Lab-on-a-chip devices are currently being developed at the University of Wales, Bangor. These devices can be used to manipulate and characterize bio-particles suspended in a fluid medium . For precise operation, accurate fluidic transport within these devices is required, for example at channel junctions where flow rates or mixing must be controlled. We present a technique for the production of varying cross-section channels and fluidic manifolds by photolithographic exposure of greyscale masks. This technique is ideally suited to the rapid prototyping and production of lab-on-a-chip devices, since a single exposure system is both faster and simpler than other methods currently available.
The miniaturised Biofactory-on-a-Chip devices described here are integrated systems capable of the rapid analysis of small volume particulate samples and have applications in areas such as medical and biological cell diagnostics, chemical detection and water quality control. The devices use the A.C. electrokinetic phenomena of dielectrophoresis, travelling wave dielectrophoresis and electrorotation to manipulate, separate and characterise particle systems by exploiting their dielectric properties. Biofactory fabrication makes use of conventional photolithographic processes along with precision excimer laser ablation based micromachining. Using this combination of technologies, a wide range of manufacturing issues have been addressed and are discussed here. For instance, reliable interconnection of multilayer electrodes has been achieved using laser machining of via- holes between lithographically produced electrodues. Also, accurate fluidic microchannel systems with varying curved cross-sections that allow the smooth transport of a sample through the device whilst eliminating problems of particle trapping have been developed using excimer laser machining. Although the biofactory devices presented here have been applied to the fractionation of micro-organisms such as E. coli from red blood cells, the flexibility of design allows these devices to perform a wide range of complex bioprocessing function in a single, low-cost and miniaturised package.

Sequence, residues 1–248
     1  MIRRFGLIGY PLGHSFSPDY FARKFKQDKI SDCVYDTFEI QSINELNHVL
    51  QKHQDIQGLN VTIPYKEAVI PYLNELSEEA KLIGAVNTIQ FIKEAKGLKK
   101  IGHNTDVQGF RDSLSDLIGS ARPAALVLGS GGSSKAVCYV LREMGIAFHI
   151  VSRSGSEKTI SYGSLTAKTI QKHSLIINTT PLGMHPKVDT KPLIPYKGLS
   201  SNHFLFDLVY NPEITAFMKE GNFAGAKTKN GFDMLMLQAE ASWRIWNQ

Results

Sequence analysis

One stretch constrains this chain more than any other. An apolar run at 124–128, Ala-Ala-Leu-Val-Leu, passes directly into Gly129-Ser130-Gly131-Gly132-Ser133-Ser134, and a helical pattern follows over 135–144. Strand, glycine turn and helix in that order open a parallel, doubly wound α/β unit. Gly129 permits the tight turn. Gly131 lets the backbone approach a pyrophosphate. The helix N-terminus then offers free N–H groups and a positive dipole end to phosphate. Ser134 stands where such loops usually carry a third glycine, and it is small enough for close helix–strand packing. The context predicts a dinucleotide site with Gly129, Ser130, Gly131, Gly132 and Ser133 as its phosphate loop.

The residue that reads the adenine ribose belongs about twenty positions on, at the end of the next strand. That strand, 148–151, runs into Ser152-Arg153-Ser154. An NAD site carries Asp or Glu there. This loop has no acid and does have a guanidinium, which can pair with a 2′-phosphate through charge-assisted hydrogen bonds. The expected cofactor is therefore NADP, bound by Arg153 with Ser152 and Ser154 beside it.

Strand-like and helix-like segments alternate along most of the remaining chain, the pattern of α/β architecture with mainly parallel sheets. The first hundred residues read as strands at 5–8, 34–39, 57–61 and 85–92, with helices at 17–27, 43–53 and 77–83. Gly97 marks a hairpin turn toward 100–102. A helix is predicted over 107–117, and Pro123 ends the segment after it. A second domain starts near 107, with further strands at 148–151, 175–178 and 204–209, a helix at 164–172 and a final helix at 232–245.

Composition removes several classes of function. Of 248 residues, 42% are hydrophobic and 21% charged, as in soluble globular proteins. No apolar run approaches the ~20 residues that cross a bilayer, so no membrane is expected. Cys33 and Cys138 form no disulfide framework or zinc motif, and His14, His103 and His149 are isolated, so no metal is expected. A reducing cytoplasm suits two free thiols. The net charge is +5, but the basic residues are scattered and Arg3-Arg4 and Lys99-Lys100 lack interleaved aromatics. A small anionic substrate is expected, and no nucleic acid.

In recent years, microfabrication techniques derived from existing expertise in the microelectronics industry have been applied to the fields of biotechnology and clinical diagnostics. In this work, 'Biofactory-on-a-chip' devices are being developed to demonstrate how these microfabrication techniques can be combined with electrokinetic phenomena to manipulate, separate and characterize biological material using non-uniform electric fields. Excimer laser ablation methods have been used to fabricate these devices. Key to the successful fabrication and functioning of 'Biofactory' devices is the ability to: machine microelectrodes with micrometer feature sizes over a large area; create via-holes in insulating layers to form electrical interconnects in multilayer structures; fabricate shaped microfluidic channels; and control alignment in the device production with micron accuracy.